I have to explain this issue to my students over and over again (particularly the first years who are often quite right-wing before they start learning about the nuances of society).
The death penalty has no deterrent effect. Fact. It does not deter individuals from committing serious crime. There are many reasons why this is the case (lack of certainty of being caught, lack of certainty of punishment, slowness of the system etc.) but that is the bottom line.
Here’s some good news: it appears that 2010 saw violence drop sharply across the United States. Meanwhile, executions and death sentences continued to plummet. Is the death-penalty-as-deterrent argument losing more ground?
Last year saw the second-fewest death sentences in 25 years (with just two more sentences than the 2009 low), and some would argue this would spark a wave of murders among those discerning, thoughtful criminals who aren’t worried at all about life without parole but are scared shitless of the lethal injection. Instead, murders — along with all violent crime — continue to drop. The FBI’s numbers for the first half of 2010 show a 7 percent drop in killings against the same period in 2009, and all signs suggest that 2010 will be the fourth year in a row to see murders drop.
Academic studies have long struggled with the deterrent question, partly because it’s hard to measure drunken, murderous rage or premeditated killing in a laboratory setting. Criminologists tend to find no deterrent effect while studies by economists sometimes go the other direction. Without reliable laboratory studies, real-world statistics make a strong argument against the deterrent effect. If executions and murders continue their parallel drops in the years ahead, we’ll have solid proof that the deterrent argument is false.
A study published this week in Northwestern’s Journal of Criminal Law and Criminology found that 88% of leading criminologists in the U.S. agree that the death penalty does not deter crime. Even more importantly, 75% of those polled said debates about the death penalty distract policymakers from working on policy reforms that have a real impact on crime and recidivism in this country.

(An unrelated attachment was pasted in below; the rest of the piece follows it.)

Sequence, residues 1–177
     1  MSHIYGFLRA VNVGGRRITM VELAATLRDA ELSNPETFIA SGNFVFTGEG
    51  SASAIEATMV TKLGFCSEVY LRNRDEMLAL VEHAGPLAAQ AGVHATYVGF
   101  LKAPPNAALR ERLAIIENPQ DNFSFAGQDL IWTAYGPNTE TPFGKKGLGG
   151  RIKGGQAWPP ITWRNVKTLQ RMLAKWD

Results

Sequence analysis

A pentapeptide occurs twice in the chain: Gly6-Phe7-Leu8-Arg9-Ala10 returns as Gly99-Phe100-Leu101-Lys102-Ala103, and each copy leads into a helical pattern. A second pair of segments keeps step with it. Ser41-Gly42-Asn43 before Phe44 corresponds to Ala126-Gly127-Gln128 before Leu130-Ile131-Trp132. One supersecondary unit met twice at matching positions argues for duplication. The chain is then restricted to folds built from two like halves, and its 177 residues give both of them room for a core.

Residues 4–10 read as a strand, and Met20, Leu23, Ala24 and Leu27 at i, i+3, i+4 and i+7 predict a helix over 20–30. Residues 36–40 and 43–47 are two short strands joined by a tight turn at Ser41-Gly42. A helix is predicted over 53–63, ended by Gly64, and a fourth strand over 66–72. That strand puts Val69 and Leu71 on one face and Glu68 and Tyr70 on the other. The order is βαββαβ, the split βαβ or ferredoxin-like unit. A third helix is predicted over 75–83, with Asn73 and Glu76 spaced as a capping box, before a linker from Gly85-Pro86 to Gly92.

This study, by sociology professors Michael Radelet and Traci Lacock, provides another sign that opinions are changing in the U.S., and it has the potential to play an important role in the ongoing debate around the issue. One aim of the study is to examine disagreement between criminologists (whose empirical studies have repeatedly found no sign of a deterrent effect in recent years) and economists (whose studies have found a deterrent effect).
A close examination of data from some of the economics studies, however, finds some gaps in the math. Radelet and Lacock then attempt to confirm their findings through a poll of leading criminologists - leading to the 88% number. I’d like to see a parallel poll of economists - to find if those publishing the studies finding a deterrent effect are outsiders in their field or if we have a dispute between disciplines, a math battle, if you will.
The result of this squabbling between academic camps is to leave the public confused, without solid research to stand on. Radelet and Lacock attempt to address this in their study, and it’s important work. Now, we’ll see what the economists say.